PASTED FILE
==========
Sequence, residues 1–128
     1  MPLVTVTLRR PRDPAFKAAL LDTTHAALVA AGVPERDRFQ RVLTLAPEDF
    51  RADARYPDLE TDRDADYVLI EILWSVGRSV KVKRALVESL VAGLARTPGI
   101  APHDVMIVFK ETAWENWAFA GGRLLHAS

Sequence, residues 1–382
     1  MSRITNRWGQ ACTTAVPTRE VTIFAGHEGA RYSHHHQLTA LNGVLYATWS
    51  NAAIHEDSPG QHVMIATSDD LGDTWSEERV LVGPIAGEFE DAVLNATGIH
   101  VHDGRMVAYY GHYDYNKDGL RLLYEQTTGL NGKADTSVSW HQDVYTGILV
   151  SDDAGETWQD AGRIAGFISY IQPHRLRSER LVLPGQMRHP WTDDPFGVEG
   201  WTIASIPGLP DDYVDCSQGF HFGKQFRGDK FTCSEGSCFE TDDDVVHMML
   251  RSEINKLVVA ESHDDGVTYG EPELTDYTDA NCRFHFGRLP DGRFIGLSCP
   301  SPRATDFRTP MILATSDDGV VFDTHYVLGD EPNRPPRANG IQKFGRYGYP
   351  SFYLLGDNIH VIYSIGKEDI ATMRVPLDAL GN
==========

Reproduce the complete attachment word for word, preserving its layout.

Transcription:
Sequence, residues 1–128
     1  MPLVTVTLRR PRDPAFKAAL LDTTHAALVA AGVPERDRFQ RVLTLAPEDF
    51  RADARYPDLE TDRDADYVLI EILWSVGRSV KVKRALVESL VAGLARTPGI
   101  APHDVMIVFK ETAWENWAFA GGRLLHAS

Sequence, residues 1–382
     1  MSRITNRWGQ ACTTAVPTRE VTIFAGHEGA RYSHHHQLTA LNGVLYATWS
    51  NAAIHEDSPG QHVMIATSDD LGDTWSEERV LVGPIAGEFE DAVLNATGIH
   101  VHDGRMVAYY GHYDYNKDGL RLLYEQTTGL NGKADTSVSW HQDVYTGILV
   151  SDDAGETWQD AGRIAGFISY IQPHRLRSER LVLPGQMRHP WTDDPFGVEG
   201  WTIASIPGLP DDYVDCSQGF HFGKQFRGDK FTCSEGSCFE TDDDVVHMML
   251  RSEINKLVVA ESHDDGVTYG EPELTDYTDA NCRFHFGRLP DGRFIGLSCP
   301  SPRATDFRTP MILATSDDGV VFDTHYVLGD EPNRPPRANG IQKFGRYGYP
   351  SFYLLGDNIH VIYSIGKEDI ATMRVPLDAL GN